When the cocaine benders come to an end and the fine dining world’s maestros finally retreat home, one wonders what they do in their domestic domains, especially when it comes to food.
Just as Anthony Bourdain’s Kitchen Confidential revealed the seedy underworld of chefs’ lives, Inside Chefs’ Fridges by Adrian Moore and Carrie Solomon reveals another dimension hidden from the public eye—the chef's’ personal fridge.
What do they eat? What do they cook (when they already do it for a living)? What are their essentials? More importantly, what are their guilty pleasures?
“Tell me what you eat and I will tell you what you are.” wrote Brillat Savarin in his Physiologie du goût (The Physiology of Taste, 1825).
The notorious French gastronome’s dictum could easily be applied to fridge of a chef.
What a chef stores in his ice box reflects greatly not only his palate’s preferences but his culinary character.
Ours is the era of the celebrity chef, so naturally there’s a demand to know what Mr. Chef stores in his cupboard, eats when he’s heartbroken—or deliriously happy.
Moore, an American expat who lives in Paris, discussed the evolution of the book. “What compelled us to write a book was, I think was simply enough wanting to meet and understand the personalities of the coolest chefs in Europe, whether they be three-star Michelin master chefs or up and coming innovators,” he said.
Moore, born in Toronto but raised in the U.S., works as a assistant concierge at the Mandarin hotel, and is no stranger to the City of Light’s food scene—having witnessed the rise and fall of numerous trends.
One could go as far to say that his life and the vantage from which he writes is similar to the children’s book author and illustrator Ludwig Bemelmans. Best known for his Madeleine children’s book series, Bemelman was also a notorious gourmand whose youth was spent working in restaurants and hotels on the continent, later landing at the Ritz-Carlton in New York City.
Bourdain called him “the original bad boy of the New York dining subculture.”
Like Moore, Bemelman was a sharp observer of restaurant and hotel life, which he vividly brought to life in The Hotel Splendide. His books and cartoons of working at the Ritz in the 1930s presented a side of the fine dining and hotel world that was rich not only in food, but in its characters.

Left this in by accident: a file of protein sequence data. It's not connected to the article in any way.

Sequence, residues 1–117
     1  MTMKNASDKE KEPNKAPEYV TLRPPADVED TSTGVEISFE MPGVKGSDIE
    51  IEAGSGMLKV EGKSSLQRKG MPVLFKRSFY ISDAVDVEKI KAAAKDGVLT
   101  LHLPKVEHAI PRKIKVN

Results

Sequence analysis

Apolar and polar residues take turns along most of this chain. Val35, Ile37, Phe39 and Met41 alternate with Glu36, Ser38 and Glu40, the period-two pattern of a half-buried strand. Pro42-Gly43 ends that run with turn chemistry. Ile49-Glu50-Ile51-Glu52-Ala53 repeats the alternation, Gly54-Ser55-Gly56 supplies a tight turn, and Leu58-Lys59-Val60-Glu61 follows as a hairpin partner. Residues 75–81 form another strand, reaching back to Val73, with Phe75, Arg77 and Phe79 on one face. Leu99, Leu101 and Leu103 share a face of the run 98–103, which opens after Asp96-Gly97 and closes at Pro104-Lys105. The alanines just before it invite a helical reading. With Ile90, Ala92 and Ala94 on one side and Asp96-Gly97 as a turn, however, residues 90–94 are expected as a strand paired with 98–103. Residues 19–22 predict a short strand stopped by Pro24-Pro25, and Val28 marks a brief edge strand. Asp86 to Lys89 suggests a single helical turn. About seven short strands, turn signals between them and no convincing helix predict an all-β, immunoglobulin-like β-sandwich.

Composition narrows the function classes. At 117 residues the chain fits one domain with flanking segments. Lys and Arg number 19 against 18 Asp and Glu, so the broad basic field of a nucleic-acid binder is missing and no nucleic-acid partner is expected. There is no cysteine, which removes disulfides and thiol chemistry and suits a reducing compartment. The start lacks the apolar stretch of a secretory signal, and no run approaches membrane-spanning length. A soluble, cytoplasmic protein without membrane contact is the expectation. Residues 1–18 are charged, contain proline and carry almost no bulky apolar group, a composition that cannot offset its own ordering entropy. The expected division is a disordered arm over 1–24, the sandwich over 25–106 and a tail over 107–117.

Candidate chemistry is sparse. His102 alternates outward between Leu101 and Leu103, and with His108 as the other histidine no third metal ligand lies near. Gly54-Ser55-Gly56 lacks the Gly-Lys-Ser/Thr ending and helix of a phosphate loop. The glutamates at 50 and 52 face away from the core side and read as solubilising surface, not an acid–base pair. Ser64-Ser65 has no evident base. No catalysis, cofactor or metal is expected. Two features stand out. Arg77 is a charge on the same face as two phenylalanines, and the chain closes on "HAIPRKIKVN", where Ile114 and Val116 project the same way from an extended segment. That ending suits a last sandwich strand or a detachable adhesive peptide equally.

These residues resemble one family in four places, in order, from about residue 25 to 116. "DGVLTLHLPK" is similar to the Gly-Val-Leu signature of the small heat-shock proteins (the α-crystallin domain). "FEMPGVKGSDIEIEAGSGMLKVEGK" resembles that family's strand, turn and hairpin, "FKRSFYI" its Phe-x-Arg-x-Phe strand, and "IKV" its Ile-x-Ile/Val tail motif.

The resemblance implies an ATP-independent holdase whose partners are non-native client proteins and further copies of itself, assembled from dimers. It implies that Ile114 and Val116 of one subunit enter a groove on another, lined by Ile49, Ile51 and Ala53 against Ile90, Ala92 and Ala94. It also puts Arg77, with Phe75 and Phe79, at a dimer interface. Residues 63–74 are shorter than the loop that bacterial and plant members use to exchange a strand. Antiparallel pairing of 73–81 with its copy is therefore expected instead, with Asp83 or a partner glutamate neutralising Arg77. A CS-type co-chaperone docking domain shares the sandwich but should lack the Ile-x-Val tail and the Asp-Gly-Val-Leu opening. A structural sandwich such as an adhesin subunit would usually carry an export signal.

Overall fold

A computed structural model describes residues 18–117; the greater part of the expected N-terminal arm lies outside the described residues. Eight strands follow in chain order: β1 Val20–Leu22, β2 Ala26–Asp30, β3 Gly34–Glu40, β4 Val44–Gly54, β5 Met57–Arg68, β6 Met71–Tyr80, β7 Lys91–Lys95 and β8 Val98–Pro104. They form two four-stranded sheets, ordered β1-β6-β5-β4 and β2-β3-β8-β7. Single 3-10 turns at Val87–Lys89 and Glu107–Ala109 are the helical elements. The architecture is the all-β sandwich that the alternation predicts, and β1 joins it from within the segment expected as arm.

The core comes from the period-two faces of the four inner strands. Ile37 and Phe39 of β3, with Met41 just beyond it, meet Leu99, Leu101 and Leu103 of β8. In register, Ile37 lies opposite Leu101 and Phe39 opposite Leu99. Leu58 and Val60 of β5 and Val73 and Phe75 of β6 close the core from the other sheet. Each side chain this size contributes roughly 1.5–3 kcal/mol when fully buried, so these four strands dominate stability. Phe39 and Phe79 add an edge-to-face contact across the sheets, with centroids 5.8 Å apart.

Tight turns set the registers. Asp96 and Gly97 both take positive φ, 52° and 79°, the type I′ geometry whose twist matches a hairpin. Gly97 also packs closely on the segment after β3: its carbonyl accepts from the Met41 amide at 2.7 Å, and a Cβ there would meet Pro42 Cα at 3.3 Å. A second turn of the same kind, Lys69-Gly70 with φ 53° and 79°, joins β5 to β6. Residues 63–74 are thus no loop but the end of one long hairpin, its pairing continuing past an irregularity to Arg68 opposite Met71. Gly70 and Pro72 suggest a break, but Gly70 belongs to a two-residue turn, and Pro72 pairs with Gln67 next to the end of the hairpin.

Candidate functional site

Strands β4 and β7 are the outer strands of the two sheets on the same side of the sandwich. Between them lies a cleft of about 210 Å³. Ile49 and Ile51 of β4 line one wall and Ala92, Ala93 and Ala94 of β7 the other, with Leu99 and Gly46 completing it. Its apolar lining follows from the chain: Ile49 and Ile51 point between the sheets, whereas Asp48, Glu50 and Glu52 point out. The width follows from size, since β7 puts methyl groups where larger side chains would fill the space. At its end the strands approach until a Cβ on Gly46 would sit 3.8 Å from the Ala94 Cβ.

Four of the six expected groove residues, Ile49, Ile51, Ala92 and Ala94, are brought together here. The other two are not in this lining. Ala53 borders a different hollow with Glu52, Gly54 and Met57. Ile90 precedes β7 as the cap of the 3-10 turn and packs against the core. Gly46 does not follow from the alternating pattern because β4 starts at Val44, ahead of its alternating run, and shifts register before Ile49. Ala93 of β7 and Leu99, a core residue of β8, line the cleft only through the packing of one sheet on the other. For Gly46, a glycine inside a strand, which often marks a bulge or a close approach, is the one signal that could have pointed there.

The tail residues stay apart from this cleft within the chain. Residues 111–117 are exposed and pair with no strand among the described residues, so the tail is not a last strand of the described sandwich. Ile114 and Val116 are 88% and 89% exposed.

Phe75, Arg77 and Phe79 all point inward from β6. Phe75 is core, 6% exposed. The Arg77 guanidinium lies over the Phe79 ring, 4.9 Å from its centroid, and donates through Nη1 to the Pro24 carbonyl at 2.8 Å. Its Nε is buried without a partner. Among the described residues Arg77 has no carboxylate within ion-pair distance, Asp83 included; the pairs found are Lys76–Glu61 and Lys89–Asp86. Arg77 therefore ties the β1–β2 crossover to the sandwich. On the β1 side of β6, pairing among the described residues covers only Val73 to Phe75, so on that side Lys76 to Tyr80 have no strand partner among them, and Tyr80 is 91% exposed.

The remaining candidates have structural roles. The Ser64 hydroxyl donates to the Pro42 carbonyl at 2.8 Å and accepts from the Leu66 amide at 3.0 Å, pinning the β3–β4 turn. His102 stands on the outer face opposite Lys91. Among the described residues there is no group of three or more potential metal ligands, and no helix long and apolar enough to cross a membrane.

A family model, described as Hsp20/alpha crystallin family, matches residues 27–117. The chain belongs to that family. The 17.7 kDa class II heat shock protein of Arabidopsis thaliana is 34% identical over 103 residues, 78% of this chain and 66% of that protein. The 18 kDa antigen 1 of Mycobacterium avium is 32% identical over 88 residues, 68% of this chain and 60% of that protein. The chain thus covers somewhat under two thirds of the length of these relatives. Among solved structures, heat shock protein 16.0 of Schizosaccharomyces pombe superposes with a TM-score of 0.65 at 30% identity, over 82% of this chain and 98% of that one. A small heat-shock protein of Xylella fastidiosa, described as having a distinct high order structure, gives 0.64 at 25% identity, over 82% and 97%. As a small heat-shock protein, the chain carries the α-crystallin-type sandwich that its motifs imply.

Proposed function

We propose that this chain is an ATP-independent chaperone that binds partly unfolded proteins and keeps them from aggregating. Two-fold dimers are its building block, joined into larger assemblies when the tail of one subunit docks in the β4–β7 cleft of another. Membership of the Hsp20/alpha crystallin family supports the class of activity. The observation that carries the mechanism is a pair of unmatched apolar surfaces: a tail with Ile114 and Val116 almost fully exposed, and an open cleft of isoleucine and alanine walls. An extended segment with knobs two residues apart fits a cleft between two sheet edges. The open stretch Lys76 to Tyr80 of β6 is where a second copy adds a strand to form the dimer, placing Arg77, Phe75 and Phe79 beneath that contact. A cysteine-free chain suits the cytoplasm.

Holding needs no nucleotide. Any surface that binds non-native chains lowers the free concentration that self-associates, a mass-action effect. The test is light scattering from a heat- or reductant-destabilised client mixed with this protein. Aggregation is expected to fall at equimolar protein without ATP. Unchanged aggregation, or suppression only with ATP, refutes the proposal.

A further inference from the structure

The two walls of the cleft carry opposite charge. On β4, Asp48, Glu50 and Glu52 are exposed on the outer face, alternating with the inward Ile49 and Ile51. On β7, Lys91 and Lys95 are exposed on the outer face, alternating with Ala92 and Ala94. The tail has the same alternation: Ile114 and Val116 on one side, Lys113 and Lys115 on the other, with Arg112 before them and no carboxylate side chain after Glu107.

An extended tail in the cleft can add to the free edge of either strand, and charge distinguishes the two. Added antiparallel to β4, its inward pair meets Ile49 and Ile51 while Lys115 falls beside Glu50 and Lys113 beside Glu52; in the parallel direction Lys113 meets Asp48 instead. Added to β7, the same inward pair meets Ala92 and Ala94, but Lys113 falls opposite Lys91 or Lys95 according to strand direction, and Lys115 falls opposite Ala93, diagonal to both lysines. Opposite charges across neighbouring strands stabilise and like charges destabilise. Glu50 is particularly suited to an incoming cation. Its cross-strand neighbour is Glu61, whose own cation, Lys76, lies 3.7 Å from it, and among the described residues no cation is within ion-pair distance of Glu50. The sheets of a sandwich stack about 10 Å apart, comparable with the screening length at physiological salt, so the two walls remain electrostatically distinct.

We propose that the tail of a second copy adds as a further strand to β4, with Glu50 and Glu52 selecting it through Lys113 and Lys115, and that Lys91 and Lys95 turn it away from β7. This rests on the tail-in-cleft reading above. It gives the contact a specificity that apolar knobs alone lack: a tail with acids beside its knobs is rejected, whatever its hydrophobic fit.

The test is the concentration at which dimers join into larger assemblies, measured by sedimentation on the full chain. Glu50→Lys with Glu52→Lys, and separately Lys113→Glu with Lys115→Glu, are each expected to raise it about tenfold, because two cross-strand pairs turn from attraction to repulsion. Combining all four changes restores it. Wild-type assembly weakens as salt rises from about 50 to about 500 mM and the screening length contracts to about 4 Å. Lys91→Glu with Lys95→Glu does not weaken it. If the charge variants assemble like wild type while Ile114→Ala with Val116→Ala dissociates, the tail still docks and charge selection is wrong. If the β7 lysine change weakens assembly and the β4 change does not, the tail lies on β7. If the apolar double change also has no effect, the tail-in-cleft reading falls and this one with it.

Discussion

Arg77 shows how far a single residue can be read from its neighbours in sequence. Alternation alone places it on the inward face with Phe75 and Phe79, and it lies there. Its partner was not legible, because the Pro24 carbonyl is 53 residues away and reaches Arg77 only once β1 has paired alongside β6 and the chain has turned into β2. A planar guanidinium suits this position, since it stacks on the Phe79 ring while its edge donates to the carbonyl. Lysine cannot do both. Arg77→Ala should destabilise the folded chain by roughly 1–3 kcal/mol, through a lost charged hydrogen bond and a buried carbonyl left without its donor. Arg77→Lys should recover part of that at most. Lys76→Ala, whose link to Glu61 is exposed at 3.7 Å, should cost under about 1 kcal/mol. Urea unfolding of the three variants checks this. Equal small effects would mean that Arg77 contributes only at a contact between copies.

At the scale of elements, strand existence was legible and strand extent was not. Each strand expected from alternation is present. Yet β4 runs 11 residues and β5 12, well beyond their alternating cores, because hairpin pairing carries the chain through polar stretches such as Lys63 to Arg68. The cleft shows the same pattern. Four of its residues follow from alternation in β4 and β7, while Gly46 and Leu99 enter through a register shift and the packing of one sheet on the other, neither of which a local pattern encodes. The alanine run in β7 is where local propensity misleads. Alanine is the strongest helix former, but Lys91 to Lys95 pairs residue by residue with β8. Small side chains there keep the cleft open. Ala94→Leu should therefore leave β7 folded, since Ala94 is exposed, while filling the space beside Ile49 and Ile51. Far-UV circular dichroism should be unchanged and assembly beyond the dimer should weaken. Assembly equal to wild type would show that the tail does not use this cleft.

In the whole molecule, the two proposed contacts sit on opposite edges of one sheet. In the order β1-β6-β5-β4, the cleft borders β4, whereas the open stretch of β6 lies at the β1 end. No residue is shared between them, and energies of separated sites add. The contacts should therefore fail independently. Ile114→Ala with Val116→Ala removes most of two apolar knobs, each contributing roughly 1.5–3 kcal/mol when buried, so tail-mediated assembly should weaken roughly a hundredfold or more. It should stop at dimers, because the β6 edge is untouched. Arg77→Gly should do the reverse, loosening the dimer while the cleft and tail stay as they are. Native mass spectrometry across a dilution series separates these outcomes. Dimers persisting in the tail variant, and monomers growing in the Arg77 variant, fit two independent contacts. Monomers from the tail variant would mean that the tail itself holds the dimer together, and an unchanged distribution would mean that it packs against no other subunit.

Although there are no images of big Gallic-nosed patrons clad in mink coats, accompanied by timid small dogs, or maître d’s swigging leftover Champagne, Inside Chefs’ Fridges shares the same voyeuristic sensibility, it just takes a different approach.
Moore and his co-collaborator, Carrie Solomon, another American in Paris and one of Paris’ leading culinary photographers, both saw the project as a chance to get know the personalities of Europe’s leading chefs. What better way than a chef’s icebox—the window to his soul.
Solomon told The Daily Beast, “I will start by saying that after photographing all these chefs’ fridges, I can’t look at my own the same anymore.”
She admitted that some chefs tidied up their fridges prior to the shoots, but for the most part were relaxed about revealing their inner sanctums.
“I tried to capture and present each fridge equally and objectively.”
This was key to accurately capturing the chefs’ personalities—both in and out of their restaurant and home kitchens.
“While almost all the chefs had a smattering of mundane commercial food, a handful had some downright bizarre items. We had to check if a couple items were legal—turns out they weren’t, but the chefs gave their go ahead to publish anyway.”
From old birthday cake to pickled marigold flowers, Solomon and Moore were rarely disappointed with their subjects’ ice boxes.
Even the fridges themselves were a reflection of chefs’ personalities. According to Solomon, a few chefs had gigantic luxury fridges while the majority had rather standard models.
“There were rarely areas that were out of bounds, but more often than not it was the freezer, the underwear drawer of the kitchen. Frozen fish sticks sometimes nestled next to homemade ice-cream from the Thermomix or a Weight Watchers dinner.”
Along with Solomon’s artful snapshots, each fridge profile comes with two recipes from the profiled chef, emphasizing local ingredients. Fatéma Hal of France’s La Man has a tagine recipe that will immediately transport you to Morocco without the carbon footprint.
Amidst the glut of food literature, Inside Chefs’ Fridges charts a new territory, showing how the home and domestic life inform, but also ground culinary geniuses.